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Tanzania plantains (Musa paradisiaca) are hybrid cooking bananas that though sometimes turn yellow, are mostly green even at the ripeness stage.  Their Swahili name depends on the purpose of use such that there are ndizi kaanga and supu ndizi, to name but a few.  There are about 0.48 million hectares of banana plantation land in Tanzania, a substantial part of it growing plantains. Most of the fields under the crop are in the northern areas, particularly Moshi and Kilimanjaro regions dominated by the Chagga people.

Despite being a staple food in the whole of Uganda, and a common plant in Rwanda and Tanzania, the plantain originated in south-east Asia. It is interbred from M. acuminate and M. balbisiana species of banana.

Some of the common culinary terms that surround Tanzania plantains include: supu ya ndizi which translates to ‘plantain soup’ and ndizi kaanga which means ‘fried plantains.’ There is also a meal by the name Kishumba which is a mixture of green plantains and beans. It is popular with the people of the north-east of the country where the cuisine has its origins.

In terms of nutrition, plantains have higher concentration of vitamin C than the sweet banana at 30 percent of the daily value. It also consists of substantial levels of vitamin A at 22 percent of the daily needs. The level of magnesium is 9 percent for the promotion of a healthy bone structure. The amount of dietary fiber stands at 9 percent of the daily needs while that of sugar is 15 grams per 100 grams. The potassium concentration stands at 14 percent of the daily requirements for maintenance of the blood electrolytes, control of blood pressure and carrying out diuretic functions. Either in roast or fried food, the plantain supplies 14 percent of starch’s daily value.

We harvest Tanzania plantain when it has reached 75 percent maturity. This means that even sweet banana that is unripe can serve the purpose. We usually carry out the harvest about one week to a fortnight before the fruit ripens. We use sickles to bring down the hands close to arm level, and then use sharp knives to incise the stalk a few inches from the bunch end. Our apron-clad worker carries off one bunch at a time to the cart while taking care not to drop the precious hands or spill latex on his outfit.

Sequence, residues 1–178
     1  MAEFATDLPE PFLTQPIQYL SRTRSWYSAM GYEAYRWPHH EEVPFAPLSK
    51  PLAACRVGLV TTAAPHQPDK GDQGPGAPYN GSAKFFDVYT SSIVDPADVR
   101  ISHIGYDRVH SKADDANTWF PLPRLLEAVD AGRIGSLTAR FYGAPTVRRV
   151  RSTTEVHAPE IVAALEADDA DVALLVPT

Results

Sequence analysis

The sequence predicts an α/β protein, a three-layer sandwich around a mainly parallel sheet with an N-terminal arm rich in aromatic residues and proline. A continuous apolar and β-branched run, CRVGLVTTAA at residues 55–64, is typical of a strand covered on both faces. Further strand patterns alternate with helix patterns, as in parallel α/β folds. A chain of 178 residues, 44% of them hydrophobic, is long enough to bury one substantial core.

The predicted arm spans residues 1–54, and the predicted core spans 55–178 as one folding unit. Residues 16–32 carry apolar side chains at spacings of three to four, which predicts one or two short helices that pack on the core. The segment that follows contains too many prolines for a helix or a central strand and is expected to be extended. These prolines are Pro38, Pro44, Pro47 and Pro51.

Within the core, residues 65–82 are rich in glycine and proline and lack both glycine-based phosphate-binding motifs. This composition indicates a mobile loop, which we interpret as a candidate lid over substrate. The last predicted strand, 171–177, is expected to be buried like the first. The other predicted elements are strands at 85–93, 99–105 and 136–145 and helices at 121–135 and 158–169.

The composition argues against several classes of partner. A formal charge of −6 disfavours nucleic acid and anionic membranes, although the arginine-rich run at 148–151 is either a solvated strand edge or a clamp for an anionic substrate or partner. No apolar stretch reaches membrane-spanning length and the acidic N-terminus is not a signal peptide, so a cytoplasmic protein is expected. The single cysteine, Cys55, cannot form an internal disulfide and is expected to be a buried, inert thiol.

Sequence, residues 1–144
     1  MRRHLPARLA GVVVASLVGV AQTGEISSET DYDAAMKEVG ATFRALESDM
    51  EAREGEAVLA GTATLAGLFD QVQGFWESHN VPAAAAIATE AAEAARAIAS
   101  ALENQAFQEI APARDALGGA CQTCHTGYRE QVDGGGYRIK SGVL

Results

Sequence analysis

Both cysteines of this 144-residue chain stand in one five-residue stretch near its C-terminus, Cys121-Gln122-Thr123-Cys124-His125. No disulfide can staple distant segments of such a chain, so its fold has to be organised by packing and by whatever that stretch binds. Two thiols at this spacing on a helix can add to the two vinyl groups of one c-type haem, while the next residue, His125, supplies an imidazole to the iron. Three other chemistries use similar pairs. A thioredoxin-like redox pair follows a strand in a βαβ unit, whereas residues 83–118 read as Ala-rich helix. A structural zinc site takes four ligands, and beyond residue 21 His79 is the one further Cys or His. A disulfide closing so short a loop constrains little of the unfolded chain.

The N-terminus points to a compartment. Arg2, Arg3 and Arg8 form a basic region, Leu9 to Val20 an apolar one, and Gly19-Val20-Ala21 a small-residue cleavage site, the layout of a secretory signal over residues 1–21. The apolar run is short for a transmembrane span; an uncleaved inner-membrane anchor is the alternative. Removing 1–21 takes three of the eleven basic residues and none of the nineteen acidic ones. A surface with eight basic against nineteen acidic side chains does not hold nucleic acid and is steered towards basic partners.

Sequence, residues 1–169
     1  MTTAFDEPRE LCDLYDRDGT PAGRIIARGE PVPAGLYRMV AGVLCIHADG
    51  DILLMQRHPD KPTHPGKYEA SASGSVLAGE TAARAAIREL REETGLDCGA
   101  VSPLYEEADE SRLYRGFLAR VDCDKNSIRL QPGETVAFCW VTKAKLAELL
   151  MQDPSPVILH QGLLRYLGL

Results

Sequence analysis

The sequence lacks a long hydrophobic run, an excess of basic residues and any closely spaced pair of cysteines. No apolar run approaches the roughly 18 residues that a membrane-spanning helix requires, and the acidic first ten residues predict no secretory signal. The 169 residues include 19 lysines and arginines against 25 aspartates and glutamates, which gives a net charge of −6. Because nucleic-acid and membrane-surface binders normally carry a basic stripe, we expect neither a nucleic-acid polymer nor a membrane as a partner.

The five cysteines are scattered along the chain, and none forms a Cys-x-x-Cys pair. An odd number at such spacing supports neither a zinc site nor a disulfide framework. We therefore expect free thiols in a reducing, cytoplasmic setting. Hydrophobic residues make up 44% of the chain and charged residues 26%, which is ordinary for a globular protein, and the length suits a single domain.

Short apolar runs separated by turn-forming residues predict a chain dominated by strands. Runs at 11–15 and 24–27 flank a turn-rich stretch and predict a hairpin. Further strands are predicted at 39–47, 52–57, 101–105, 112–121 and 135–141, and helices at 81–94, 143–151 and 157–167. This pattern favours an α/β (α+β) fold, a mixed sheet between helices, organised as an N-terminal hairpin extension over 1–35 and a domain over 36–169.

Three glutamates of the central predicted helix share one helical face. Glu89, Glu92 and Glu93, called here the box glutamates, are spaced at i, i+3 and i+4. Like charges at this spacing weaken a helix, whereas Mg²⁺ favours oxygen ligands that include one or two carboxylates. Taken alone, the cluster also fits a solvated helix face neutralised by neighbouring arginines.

We keep the plantains away from polythene, which may cause an internal formation of latex. We also preserve the fruits in bunches for uniform sorting.

We pack Tanzania plantains in corrugated boxes. At other times we use wooden crates with sufficient breathing vents. We have a basic 12-kilo cardboard carton that also comes with sufficient holes at the top side for ventilation. For every short finger bunch, we put long fingers in-between to allow proper aeration in the spaces between them during transit. Sometimes we also pack the separate fingers in bulk one-layer bins. We finalize the shipment with handy information on the number of pieces in each carton, the net weight, the shipping date and the country of origin.

We store Tanzania plantains at the temperature level of 13.2 degrees Celsius at the minimum. We keep them humid at 85 to 95 percent. This is sufficient to keep the fruits fresh for the next two weeks. We perpetuate this temperature during the transportation phase to the airport in Dar-es-Salaam courtesy of our special trucks with controlled environment interiors.

In short, with our dedication to providing ndizi kaanga at their greenest stage of maturity, you no longer have to search for quality Tanzania plantains. We source them for our clients from certified farmers who have trained under Global Good Agricultural Practices (GAP). All our produce is therefore of virtually low residual levels. You can request for tonnage that suits your needs as we source the fruits months before the due date. To cap it all, our prices are pocket-friendly as we design them with the importer in mind. Make an order today!


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